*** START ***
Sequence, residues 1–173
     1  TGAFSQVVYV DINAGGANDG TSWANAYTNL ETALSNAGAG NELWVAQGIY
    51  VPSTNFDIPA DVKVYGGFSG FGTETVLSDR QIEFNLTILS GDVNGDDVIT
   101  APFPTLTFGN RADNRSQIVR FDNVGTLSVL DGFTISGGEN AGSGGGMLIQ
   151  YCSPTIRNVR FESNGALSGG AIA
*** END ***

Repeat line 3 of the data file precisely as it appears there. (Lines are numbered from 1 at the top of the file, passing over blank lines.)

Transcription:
    51  VPSTNFDIPA DVKVYGGFSG FGTETVLSDR QIEFNLTILS GDVNGDDVIT